#### Subset selection from input samples for model re-learning.

Augmented training has the advantage of better learning due to perturbation in the learning process, but such learning may not always do the good for model predictability. Using adversarial training for data augmentation requires to know the worst-case *δ* that augments the training data “most beneficial” way with “highest confusion creation” to the training data [44]. However, such search is computationally (extremely) expensive. We propose that an apt process of important feature selection or sampling the input data ensures the required better learning for the model. Hence, we identify which is a subset of , i.e. such that the samples with positive impact on the model predictability are chosen.

Our objective is to estimate the importance of a feature or training sample such that the worth of **x**^{(n)} is significant to consider it as an important and positively contributing sample. We use Shapley value [19, 20], a fundamental concept in transferable utility cooperative game theory [45] to quantify the attribution of **x**^{(n)} in the prediction capability of the constructed model. Let *N* be a finite set of training samples (in cooperative game theory context, we call the training samples as players) or player [46, 47].

**(Definition I)**(Transferable utility game). We define a game that maps*v*: such that*v*(∅) = 0. We interpret*v*(*ψ*) where*ψ*in 2^{N}, as the estimated value of coalition*ψ*. The value function*v*(*ψ*) intends to identify the collective payoff a player’s or a set of players’ gain when they cooperate and the model*M*is trained with*n*^{th}sample on all possible subset*ψ*⊆ 2^{N}.**(Definition II)**(Marginal contribution). We define the marginal contribution Δ_{v}(*n*,*ψ*) of player*n*with respect to the coalition*ψ*as: Δ_{v}(*n*,*ψ*) =*v*(*ψ*∪*n*) −*v*(*ψ*).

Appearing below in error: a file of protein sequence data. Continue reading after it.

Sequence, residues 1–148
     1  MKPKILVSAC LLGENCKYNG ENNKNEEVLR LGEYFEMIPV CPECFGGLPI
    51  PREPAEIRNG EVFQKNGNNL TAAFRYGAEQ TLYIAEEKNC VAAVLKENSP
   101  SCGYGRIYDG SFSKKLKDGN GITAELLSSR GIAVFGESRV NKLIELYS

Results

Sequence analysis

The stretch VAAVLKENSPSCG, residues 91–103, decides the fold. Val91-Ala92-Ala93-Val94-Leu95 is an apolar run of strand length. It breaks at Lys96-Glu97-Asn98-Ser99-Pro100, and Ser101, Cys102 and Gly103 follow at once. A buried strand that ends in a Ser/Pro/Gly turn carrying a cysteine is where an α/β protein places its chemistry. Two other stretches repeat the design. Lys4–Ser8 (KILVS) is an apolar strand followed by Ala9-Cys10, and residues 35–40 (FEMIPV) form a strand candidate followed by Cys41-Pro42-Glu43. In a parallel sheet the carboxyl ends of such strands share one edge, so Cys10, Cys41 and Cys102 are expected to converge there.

With Λ being denoted as the integer permutations up to *N* and λ ∈ Λ and we represent the predecessor set of players preceding *n*^{th} player in λ as: *ψ*_{n,λ} = {*m*: λ(*m*)<λ(*n*)}. With this definition, Shapley value *φ*_{n} of *n*^{th} player is formulated as the weighted average of the marginal contribution of it to all other possible subset of players in the game. Accordingly, Shapley value *φ*_{v}(*n*) of *n*^{th} player with the function *v* is:

From the permutation logic, we can compute the Shapley value *φ*_{v}(*n*) of *n*^{th} training sample as:

The above equation needs to be solved to get the estimation of Shapley value for each of the training examples in *N*, but that process is computationally expensive. In this paper, we consider the high-speed approximation of *φ*_{v}(*n*) using DeepLIFT algorithm [48] with DeepExplainer implementation (https://github.com/slundberg/shap).